The Transition to Middle School

From what I remember about middle school, it could have been the sequel to Lord of the Flies. Except I vaguely remember some adults being in the building.

Basically, I spent 90% of my time thinking about where to sit in the cafeteria, and whether it meant something that Matt closed his locker and walked away as soon as I got to mine, and whether I had enough hair spray in my bangs. I guess I spent the other 10% thinking about academics, but frankly, that part is a little fuzzy.

Is it any wonder that these people, who were very recently children who definitely had monsters in their closets and needed timeouts, struggle to meet their teachers’ expectations in middle school?

So much changes in those last couple of pre-teen years. Physically, hormonally, cognitively, and emotionally, no one comes out of middle school the way they went in. For better or for worse.

Add to all this personal stuff the constant pressure on teachers to push academics down, down, down to younger students, and vulnerable middle schoolers are dealing with more pressure and stress than ever before.

So how do we protect our middle schoolers?

First of all: be there. According to this piece in the New York Times, even teens who seem to hate their parents feel better and have better outcomes when their parents are available regularly. The author, Lisa Damour, calls them “potted plant parents.” They are moms and dads who are just there, fading into the background. A study connected this parental availability with lower rates of behavioral and emotional problems.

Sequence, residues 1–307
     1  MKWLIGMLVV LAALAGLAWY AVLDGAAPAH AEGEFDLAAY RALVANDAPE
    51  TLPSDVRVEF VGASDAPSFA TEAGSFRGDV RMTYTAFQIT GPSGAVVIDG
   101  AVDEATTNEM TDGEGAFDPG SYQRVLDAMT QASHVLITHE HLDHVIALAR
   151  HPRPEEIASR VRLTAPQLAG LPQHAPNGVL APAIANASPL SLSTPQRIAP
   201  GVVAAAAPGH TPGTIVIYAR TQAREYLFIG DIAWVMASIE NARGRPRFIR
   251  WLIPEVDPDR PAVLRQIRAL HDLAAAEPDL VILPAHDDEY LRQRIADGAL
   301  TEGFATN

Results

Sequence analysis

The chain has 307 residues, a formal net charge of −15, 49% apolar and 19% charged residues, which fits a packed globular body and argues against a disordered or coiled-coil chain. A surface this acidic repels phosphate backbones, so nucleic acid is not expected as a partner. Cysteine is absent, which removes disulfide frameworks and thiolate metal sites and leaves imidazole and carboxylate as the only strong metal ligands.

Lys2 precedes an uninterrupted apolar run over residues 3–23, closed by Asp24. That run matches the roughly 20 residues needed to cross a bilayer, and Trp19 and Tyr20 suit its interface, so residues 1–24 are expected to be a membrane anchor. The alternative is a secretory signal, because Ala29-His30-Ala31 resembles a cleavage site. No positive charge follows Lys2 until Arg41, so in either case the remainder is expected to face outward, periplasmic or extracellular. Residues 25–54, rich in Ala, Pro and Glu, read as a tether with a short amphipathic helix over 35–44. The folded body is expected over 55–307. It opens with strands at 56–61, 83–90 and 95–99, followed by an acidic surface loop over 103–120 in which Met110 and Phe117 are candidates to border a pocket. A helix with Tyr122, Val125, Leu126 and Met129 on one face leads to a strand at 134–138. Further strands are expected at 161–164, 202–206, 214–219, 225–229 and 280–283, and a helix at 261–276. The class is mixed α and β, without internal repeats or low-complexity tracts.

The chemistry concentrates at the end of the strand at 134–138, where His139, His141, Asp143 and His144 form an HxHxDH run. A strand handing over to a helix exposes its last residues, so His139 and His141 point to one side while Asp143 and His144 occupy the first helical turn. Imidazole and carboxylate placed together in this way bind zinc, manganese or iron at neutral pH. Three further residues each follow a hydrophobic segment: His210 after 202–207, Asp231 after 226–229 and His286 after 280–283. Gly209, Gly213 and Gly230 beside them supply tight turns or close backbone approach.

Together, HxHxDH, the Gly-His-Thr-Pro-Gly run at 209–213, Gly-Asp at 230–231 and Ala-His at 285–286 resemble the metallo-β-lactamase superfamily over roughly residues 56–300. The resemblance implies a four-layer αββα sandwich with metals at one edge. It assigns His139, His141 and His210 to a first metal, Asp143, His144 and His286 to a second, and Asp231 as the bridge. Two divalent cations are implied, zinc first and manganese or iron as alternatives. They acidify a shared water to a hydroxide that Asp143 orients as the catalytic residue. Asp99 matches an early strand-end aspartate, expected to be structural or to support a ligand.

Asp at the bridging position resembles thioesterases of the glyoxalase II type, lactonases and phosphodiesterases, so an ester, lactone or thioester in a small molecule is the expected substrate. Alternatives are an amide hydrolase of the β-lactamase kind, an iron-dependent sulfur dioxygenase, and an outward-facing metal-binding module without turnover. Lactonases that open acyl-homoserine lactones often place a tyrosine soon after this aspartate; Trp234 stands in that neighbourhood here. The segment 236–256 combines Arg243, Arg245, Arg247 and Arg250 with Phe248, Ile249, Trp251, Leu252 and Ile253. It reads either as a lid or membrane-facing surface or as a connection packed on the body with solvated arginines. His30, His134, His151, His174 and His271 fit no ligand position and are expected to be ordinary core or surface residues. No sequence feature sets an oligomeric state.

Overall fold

Promote healthy habits like eating breakfast and lunch and getting enough sleep. As middle schoolers mature and get more freedom, they sometimes make short-sighted choices that affect them negatively. They may stay up too late, skip meals, or choose junk foods that affect how they feel and how they learn. Try for a family meal most nights of the week. Research shows that family dinners lead to positive outcomes for health and learning, but if you’re not home at dinner time, maybe you could sit down for breakfast?

Another important way to prepare your child for middle school is through teaching mindfulness strategies. This is one of the hardest practices to sell to adults and kids in our busy world, but I believe one of the most important. A growing body of research shows mindfulness training and practice is helpful for improving students’ attention, emotional regulation and compassion for others, while decreasing their stress and anxiety. It sounds counterintuitive that slowing down in this way is going to help your child make their way in the fast-paced middle school world, but these skills help teens learn to direct and sustain their attention, calm themselves when they feel anxious or upset, and understand their emotional reactions to challenges.

Preparing for academic success